Evangelism, or sharing the Good News of the Gospel, is a
pillar of the message of Jesus: “Go and make disciples of all nations” (Matthew
28:19). Pastors and leaders are constantly strategizing new ways of inviting
people into authentic community, growing the Church and ultimately spreading the
news that the Kingdom of God is at hand (Matthew 10:7).
This message is the foundation of the evangelical growth paradigm and, I hope
and pray, the major motivation for expansion. Today many megachurches have
multiple campuses. Central Christian Church where I grew up, for example, has
grown from one thousand members and one campus when I was 10 years old to 15
thousand weekly attendees and 10 campuses not only in the Las Vegas valley but
also across the U.S. and around the world.
The word “evangelical” comes from the Greek word meaning “good news.” Asking an
evangelical to put aside sharing the Gospel in the name of dialogue is like
asking an Olympian to stop competing in the middle of the Olympics. Sharing the
good news is just what we do—because Jesus teaches us to.
How Do We Overcome This Concern?Imagine new ways of sharing the Gospel. Instead of using older forms
of evangelism, LORN, among other things, equips Christians to share their
“Public Testimonies.” I define public testimony in LORN as the “skill of
communicating your faith with conviction and respect (1 Pet. 3:15) in a
3. Fear of Violence
Sam is an active member at an evangelical church in Texas.
After hearing his senior pastor talk about the importance of building
respectful relationships with local Muslims, Sam became fearful and asked, “Why
would I become friends with them? They blew us up. I’m not going to
let them anywhere near my family.”
Many evangelicals like Sam have never met a Muslim or a Buddhist or a Sikh or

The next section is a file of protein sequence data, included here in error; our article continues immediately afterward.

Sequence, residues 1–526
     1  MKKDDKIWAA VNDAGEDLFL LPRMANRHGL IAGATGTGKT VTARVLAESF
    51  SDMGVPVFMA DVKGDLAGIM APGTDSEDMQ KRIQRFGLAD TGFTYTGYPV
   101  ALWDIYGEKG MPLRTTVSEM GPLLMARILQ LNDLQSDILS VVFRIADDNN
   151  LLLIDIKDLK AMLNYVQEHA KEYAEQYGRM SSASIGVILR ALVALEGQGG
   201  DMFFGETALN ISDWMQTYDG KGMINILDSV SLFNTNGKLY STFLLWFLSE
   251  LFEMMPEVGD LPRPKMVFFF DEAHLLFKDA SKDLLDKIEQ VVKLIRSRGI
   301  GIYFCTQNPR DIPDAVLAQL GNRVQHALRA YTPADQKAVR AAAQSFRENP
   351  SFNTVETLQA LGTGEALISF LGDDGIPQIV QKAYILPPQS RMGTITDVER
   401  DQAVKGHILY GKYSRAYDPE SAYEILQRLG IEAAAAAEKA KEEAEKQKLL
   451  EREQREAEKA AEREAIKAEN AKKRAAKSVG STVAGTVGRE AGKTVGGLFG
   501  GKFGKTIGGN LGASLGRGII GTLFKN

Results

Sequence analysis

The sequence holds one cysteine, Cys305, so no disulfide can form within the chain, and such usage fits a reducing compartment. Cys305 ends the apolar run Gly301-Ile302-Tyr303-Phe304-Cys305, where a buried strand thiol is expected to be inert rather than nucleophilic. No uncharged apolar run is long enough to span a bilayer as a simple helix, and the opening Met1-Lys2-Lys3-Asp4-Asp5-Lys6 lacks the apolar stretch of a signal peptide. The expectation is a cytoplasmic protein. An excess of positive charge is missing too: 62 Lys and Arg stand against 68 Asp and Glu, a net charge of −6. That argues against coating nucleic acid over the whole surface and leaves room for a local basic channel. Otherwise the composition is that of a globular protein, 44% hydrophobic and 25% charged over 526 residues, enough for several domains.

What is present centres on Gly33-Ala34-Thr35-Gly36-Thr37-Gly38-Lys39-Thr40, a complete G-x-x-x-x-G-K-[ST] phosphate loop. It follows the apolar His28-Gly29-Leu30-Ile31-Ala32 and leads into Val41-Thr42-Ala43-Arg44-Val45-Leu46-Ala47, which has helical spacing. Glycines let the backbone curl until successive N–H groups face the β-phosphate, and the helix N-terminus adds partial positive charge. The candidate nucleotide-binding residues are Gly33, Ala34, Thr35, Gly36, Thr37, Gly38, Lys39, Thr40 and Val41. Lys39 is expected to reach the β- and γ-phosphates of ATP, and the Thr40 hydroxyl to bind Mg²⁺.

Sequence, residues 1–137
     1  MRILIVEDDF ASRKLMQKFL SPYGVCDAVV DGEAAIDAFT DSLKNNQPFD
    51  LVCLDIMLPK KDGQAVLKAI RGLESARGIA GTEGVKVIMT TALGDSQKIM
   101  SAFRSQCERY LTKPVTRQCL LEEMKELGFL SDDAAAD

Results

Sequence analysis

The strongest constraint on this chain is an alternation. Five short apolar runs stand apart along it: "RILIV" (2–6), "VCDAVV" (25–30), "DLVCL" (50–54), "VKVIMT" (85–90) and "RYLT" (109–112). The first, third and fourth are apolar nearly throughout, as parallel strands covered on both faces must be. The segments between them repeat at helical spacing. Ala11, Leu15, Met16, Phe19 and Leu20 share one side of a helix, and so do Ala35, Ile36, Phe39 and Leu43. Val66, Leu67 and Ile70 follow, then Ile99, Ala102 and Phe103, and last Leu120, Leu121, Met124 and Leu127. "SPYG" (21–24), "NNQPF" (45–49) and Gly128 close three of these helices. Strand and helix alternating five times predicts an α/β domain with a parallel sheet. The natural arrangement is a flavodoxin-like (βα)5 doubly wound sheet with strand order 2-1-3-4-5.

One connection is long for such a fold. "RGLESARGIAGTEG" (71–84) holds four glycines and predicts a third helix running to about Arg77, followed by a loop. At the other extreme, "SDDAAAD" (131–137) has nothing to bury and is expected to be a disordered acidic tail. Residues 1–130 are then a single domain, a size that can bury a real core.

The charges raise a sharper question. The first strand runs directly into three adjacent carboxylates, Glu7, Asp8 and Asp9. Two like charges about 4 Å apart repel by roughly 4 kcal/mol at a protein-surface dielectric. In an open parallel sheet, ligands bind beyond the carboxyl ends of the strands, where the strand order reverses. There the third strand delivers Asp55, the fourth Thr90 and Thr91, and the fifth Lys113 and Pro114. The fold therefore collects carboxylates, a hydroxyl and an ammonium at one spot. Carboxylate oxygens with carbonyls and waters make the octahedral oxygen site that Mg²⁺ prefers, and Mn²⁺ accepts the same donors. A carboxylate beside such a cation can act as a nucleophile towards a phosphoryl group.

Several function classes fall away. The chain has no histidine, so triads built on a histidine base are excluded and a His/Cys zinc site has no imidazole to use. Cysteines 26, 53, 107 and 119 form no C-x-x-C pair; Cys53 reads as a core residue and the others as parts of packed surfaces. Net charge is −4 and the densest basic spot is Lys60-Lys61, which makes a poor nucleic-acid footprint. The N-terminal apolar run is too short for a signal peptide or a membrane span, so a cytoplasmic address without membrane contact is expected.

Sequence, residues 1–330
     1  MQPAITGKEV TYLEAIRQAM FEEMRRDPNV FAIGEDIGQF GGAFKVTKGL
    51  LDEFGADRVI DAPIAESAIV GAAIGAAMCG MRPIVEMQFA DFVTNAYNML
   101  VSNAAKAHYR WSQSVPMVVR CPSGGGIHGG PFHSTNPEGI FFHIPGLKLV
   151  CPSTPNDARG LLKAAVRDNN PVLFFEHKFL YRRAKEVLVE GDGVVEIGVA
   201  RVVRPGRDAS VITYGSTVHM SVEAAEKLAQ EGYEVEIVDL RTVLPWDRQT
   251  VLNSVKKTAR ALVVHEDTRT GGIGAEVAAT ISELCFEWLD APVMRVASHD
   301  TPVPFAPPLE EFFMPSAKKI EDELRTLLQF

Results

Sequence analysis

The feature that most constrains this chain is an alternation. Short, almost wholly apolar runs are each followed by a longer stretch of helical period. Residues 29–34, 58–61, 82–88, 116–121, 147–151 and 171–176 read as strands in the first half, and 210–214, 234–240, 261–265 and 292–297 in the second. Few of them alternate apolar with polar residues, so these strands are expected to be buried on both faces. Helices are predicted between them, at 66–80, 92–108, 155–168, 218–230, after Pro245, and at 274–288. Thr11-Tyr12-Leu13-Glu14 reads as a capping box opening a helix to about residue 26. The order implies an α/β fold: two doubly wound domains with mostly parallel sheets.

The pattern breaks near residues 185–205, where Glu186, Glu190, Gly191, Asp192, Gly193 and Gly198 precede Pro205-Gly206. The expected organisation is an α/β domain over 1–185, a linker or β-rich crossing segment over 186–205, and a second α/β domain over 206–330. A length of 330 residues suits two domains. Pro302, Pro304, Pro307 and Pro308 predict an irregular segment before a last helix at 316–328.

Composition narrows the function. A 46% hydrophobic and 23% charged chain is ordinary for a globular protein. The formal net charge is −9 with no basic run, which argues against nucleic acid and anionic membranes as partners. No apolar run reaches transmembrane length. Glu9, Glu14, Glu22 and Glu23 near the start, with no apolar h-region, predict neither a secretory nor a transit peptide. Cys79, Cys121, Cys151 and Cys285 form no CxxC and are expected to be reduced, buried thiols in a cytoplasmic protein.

even a Catholic or liberal Protestant. The only Muslims they know are the
suicide bombers whom they see in the media daily. So they make generalizations
such as “They blew us up.”
Our ignorance often breeds fear, and our fear can cause us to express violent
attitudes and use violent speech. This is often true of human beings in
general, conservative Christians not being an exception. Some evangelicals fear
violent and forceful Muslims, yet they project violent and forceful attitudes
out of fear.
How Do We Overcome This Concern?Meet your religious neighbors. I’ve learned that the single most powerful way
to overcome misunderstanding and prejudice is to develop lasting friendships.
After Sam met Muslim families in his suburb, he said, “I get it. These people
are normal, just like my family. They’re not violent. Now I’m on board with
what our pastor is teaching: We can remain committed Christians while being
friends with our neighbors who come from all over the world.” This is precisely
why LORN is not simply a book; it’s a curriculum that’s used in a 5-week
campaign that culminates in a day of multi-faith community service and
relationship building with our religious neighbors.
First John 4:18 says "There is no fear in love. But perfect love drives
out fear.... The one who fears is not made perfect in love." If we respond
out of fear to our religious neighbors, we are not responding out of our faith.
Instead we are reacting out of our fallen humanity because we have not been
perfected in love. When the waves of fear come crashing down on the seashore of
multi-faith engagement, let us stand on the rock of the One who casts out all
Previous | Page 1 of 2 | Next
Josh Daneshforooz is an author and international speaker on leadership, peacemaking and personal development.